Monday, July 5, 2010

Your Input is Requested

By Dennis R. lieb

The Preliminary Rendering of the Easton Inter-Modal Center

Wednesday night at 6:30pm in City Council Chambers the Planning Commission (including me) will do the first review of the Intermodal Center. This is the project on the former Perkins/Marquis Theater site that will be cleared and redeveloped into a mixed use project consisting of a three-story parking deck, a ten bay bus terminal for LANTA, Trans-Bridge, Greyhound, Susquehanna and other private carriers, a public plaza and a three story, commercial lease building fronting the street that will supposedly contain a retail space, sports restaurant and National High School Coaches Hall of Fame.

As you can see, it is still something of a landscraper. We're working on that aspect now to fit it into downtown better. If you have concerns about the accessibility of public restrooms, ADA requirements, bicycling accommodations, green design issues or just want to weigh in on what the thing should look like please join us.

The three previous public meetings were poorly attended. This is one of a dwindling number of opportunities to see the design and ask questions of the design team. I suggested that one additional public meeting be held that wasn't part of a formal approval process and that will be done sometime this summer. I believe it is a requirement of the Federal environmental review process anyway but at least it is happening. I always like to attend as many of these as possible and do my whining and complaining before things get set in stone. If you want to do your own whining and complaining, now is the time. Don't say you weren't invited.

Come on out and make my evening more interesting...I'm tired of empty rooms.


Fia said...

Wish I could be there, I can't make Wednesday nights. Just from the drawing you posted I would say less concrete more trees.

noel jones said...

Thanks for posting the sketch! I went to an earlier meeting and requested for "green" in the "green space"--hopefully they've added some actually shade trees to the plaza. I also hope that theyincorporate residents' suggestions for living walls in the back and on the side to block noise and smog from the church at the back, and for anyone who might sit at the plaza in the front.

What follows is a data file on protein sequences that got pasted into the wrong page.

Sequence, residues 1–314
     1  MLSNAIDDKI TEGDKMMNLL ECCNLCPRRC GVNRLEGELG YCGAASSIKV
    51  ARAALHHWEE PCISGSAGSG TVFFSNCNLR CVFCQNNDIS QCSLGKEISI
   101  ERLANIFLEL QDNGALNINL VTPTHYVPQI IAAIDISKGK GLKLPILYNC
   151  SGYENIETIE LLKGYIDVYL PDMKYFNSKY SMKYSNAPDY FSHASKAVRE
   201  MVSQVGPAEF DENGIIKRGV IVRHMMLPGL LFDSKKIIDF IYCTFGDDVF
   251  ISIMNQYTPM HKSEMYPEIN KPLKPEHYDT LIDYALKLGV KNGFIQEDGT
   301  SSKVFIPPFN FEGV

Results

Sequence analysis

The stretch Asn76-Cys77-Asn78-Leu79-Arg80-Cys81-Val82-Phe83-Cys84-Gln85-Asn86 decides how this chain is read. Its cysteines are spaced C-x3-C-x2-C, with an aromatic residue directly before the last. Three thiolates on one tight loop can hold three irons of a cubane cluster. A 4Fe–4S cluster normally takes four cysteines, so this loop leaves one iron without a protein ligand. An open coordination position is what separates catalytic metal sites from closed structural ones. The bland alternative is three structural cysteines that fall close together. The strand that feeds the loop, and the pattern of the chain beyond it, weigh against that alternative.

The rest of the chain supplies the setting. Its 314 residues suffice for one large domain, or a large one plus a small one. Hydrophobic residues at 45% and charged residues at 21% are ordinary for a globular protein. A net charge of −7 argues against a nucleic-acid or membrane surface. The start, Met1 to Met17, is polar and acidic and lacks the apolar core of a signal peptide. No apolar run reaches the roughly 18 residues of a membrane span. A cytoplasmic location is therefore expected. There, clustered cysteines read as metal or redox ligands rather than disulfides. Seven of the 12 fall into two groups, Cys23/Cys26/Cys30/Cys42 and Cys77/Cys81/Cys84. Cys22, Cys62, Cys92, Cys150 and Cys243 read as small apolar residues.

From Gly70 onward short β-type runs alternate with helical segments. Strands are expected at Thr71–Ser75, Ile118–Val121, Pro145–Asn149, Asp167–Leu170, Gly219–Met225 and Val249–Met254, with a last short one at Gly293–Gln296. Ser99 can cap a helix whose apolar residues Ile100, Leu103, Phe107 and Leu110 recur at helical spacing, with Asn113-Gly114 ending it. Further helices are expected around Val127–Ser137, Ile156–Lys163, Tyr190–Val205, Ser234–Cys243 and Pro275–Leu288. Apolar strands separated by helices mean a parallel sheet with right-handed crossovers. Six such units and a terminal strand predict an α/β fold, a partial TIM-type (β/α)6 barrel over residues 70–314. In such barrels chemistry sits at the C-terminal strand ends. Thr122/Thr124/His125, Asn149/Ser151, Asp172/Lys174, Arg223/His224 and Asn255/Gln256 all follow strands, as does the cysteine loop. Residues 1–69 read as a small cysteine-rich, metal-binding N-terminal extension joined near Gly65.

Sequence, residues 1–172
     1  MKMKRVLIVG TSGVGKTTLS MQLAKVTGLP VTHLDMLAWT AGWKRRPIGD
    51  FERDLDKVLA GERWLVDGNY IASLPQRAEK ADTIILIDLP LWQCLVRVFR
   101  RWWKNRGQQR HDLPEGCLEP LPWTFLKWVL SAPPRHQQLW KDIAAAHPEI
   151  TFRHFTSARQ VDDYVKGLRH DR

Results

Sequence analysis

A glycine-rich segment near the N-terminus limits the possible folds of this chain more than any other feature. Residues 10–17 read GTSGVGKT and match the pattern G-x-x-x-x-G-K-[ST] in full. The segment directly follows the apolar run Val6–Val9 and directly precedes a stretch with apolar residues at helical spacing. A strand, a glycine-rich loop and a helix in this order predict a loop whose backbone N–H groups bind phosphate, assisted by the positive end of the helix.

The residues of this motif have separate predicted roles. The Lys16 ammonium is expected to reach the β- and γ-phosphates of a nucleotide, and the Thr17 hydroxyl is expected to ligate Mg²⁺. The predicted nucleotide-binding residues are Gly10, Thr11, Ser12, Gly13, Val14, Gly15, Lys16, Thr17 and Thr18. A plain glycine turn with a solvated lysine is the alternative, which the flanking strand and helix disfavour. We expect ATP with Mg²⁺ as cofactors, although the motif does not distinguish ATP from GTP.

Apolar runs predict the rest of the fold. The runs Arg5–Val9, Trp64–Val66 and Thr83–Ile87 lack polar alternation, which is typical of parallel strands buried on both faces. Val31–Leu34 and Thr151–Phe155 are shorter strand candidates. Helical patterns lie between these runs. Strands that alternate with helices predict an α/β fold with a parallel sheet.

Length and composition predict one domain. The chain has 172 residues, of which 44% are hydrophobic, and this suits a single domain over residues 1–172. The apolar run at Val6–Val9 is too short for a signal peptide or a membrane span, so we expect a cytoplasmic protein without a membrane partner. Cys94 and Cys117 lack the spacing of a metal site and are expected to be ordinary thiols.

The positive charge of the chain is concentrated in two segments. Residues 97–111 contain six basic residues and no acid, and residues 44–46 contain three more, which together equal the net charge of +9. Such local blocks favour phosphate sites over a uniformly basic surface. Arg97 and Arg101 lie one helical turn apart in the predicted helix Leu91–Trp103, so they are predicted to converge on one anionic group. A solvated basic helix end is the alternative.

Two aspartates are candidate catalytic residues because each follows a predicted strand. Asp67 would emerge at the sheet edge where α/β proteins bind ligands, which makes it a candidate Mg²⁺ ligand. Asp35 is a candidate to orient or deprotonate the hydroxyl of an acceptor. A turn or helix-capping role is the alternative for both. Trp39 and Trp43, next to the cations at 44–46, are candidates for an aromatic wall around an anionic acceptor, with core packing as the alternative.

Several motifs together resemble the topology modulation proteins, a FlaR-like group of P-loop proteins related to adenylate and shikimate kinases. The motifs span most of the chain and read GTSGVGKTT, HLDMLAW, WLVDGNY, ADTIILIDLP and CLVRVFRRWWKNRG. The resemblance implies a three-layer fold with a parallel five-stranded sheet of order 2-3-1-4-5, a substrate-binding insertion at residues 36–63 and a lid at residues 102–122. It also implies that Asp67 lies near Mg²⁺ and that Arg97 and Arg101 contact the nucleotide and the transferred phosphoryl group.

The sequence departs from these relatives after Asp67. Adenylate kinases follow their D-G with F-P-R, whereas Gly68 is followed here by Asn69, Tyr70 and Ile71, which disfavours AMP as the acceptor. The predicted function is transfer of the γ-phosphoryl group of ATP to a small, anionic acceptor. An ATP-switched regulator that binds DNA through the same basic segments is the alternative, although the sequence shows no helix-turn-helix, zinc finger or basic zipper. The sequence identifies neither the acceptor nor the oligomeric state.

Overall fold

Julie Zando-Dennis said...

YIKES. Is that a PLAZA? My concern is perhaps best described by “Volguus Zildrohar,” who wrote this on a lively urban design blog in Philly:

"It seems that most cities have at least one underwhelming or just plain bad urban plaza - those windswept, delightfully misguided attempts at urban renewal that were in vogue in the 50's and 60's."

Please, PLEASE check out this link for Mr. Zildrohar’s excellent photographs of failed, misguided plazas.

God help us if the plaza faces Third Street.

Julie Zando-Dennis said...

Can't help myself. The proposed Inter-Modal plaza forces me to post this appraisal of a plaza named "City Hall Plaza" in Boston:

"This notorious product of late-'60s 'urban renewal' is over 30 years old - can a renovation solve its deep-rooted problems? . . . This is one of the most disappointing places in America."

PLAZAS RARELY WORK. An exception may be if the Vatican or the Kremlin is across the street.

One experience I'll never forget is how, on a trip to New Orleans, an architect friend proudly showed off the "Piazza d'Italia," a fancy name for an an urban public plaza designed by a celebrated architect. Empty. The place was empty. I thought "what good is the concept if no one wants to go there?"

I WILL MAKE A BET. Surf online for New Orleans' ""Piazza d'Italia." If you can find ONE person in any of the pictures of this famed plaza, I will buy you a beer. I'm serious. Even the official New Orleans website features a picture of an EMPTY plaza.

See the the empty plaza at the official New Orleans website, at:

Dennis R. Lieb said...


Trees are part of the traffic calming renovations for S. Third Street. They are not shown on this drawing for clarity. Expect at least thirty new trees on this block.


The plaza redesign was part of the private meeting we had with the design team last week at city hall. They know we expect better and we will continue to push the envelope. At this point it is too high above the street; grade drops seven feet at the south end of the site and I have made it clear that the plaza needs to step up in two, three-and a half foot high terraces or no one will want to use it. A forecourt allows the comfortable transition from the street to the building.

They showed photos of Paley Park in NYC on their presentation boards. I think they can go further toward that ideal with trees planted in the actual plaza space rather than just lining it architectonically, which seems like just a modernist affectation to me.


I am well aware of the uselss plaza plague in NYC. It was a result of a misguided attempt by the city to facilitate "public space" in exchange for floor area ratio bonuses so buildings could be built taller. William H. Whyte exposed this mistake in his classic study of plazas and how they are used in his book "City, Redescovering the Center" - a planning classic.